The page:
Mohamed Chawki, Senior Judge and Founder Chairman, International Association of Cybercrime Prevention (AILCC)
Charl van der Walt, Head of Security Research, Orange Cyberdefense
Collins Oduor, Cyber Security Expert, Tanzania
Working Between the Lines
Do your frontline staff truly regard themselves as accountable risk owners? And what is their view of compliance and risk oversight?
The gulf between theory and practice can be glaring when implementing 3 lines of defence (3LOD) or a combined assurance model. The knock-on effects include questionable governance and friction in the relationship between the first, second and third lines of defence.
This session offers a real-world perspective on how to practically develop a positive and constructive relationship between the risk ownership and risk oversight functions, as well as the benefits of doing so from both a business and compliance perspective.
The Crime-Terror Nexus
Terrorist activity in Africa has risen sharply over the last decade, with key developments including the increased sophistication of terrorist financing, the potential for bioterrorism in Africa, and the growing resilience of the most prominent regional terrorist groups, such as Boko Haram in Nigeria, Al-Shabaab in Somalia, and Ansar al-Sunna in Mozambique.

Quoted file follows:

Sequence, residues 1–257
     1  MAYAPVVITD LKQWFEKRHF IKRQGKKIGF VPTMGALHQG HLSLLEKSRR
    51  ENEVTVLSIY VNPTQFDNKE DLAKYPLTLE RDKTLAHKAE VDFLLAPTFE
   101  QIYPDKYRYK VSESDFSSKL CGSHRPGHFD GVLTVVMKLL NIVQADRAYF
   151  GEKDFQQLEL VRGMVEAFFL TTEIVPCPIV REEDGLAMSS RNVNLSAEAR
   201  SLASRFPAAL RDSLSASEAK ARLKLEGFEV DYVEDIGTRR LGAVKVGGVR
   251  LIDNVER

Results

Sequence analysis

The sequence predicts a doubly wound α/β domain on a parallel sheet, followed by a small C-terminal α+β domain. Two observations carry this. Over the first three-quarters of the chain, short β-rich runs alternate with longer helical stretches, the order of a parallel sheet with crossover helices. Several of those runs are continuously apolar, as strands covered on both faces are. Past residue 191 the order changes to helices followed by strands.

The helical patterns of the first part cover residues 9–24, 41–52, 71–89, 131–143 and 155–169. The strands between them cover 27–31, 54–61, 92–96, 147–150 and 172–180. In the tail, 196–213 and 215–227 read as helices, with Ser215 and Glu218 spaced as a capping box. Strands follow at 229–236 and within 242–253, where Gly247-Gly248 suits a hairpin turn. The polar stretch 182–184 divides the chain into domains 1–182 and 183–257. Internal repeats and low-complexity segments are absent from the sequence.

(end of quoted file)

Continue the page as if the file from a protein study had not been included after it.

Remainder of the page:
These regional terrorist groups take advantage of poor governance and widespread corruption to engage in criminal activities, including kidnapping for ransom (KFR), drugs trafficking, cattle rustling and the smuggling of precious metals. This convergence is known as the ‘crime-terror nexus’.
Understanding the crime-terror Nexus provides the first step towards countering the problem of terrorism. In this session the panel will discuss the nexus and its most recent developments. Typologies linked to terrorist activity in Africa will also be considered, as well as how financial institutions can use past regional and international responses to combat this threat going forwards.
Ross Savage, Course Director, Global Lead Sanctions, ICA
Chris Hessenflow, Special Agent, US Homeland Security, and Assistant Attaché, US Embassy in Pretoria, South Africa
Christopher (Topher) Hockey, Research Fellow, Royal United Services Institute (RUSI), Kenya
Codes of Conduct: Preparation, compliance and enforcement
Codes of conduct are not a new concept, but have been a comparatively rarely used mechanism in the European privacy landscape. Recently, this has started to change. With South Africa's Information Regulator notifying receipt of various codes of conducts regarding the financial, medical and telecommunications sectors, among others, understanding the drafting, approval and compliance processes are an increasingly dynamic aspect of complying with the conditions of lawful processing under POPIA.
This session will discuss what has happened so far, who is impacted and how, as well as what this process looks like in South Africa and beyond. It will also consider the benefits and potential challenges related with the mechanism